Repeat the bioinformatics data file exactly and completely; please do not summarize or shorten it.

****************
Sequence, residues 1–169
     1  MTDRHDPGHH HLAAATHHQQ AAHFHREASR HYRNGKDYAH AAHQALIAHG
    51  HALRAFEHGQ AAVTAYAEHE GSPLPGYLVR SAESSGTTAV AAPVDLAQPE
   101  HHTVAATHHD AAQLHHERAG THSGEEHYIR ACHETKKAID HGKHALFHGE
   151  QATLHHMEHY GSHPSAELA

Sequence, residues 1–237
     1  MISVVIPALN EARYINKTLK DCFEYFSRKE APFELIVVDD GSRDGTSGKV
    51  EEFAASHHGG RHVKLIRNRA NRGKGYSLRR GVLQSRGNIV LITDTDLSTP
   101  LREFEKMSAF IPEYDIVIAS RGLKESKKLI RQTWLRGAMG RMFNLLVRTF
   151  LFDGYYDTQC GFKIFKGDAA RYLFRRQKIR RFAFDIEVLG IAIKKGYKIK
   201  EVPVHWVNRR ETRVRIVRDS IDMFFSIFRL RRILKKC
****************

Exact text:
Sequence, residues 1–169
     1  MTDRHDPGHH HLAAATHHQQ AAHFHREASR HYRNGKDYAH AAHQALIAHG
    51  HALRAFEHGQ AAVTAYAEHE GSPLPGYLVR SAESSGTTAV AAPVDLAQPE
   101  HHTVAATHHD AAQLHHERAG THSGEEHYIR ACHETKKAID HGKHALFHGE
   151  QATLHHMEHY GSHPSAELA

Sequence, residues 1–237
     1  MISVVIPALN EARYINKTLK DCFEYFSRKE APFELIVVDD GSRDGTSGKV
    51  EEFAASHHGG RHVKLIRNRA NRGKGYSLRR GVLQSRGNIV LITDTDLSTP
   101  LREFEKMSAF IPEYDIVIAS RGLKESKKLI RQTWLRGAMG RMFNLLVRTF
   151  LFDGYYDTQC GFKIFKGDAA RYLFRRQKIR RFAFDIEVLG IAIKKGYKIK
   201  EVPVHWVNRR ETRVRIVRDS IDMFFSIFRL RRILKKC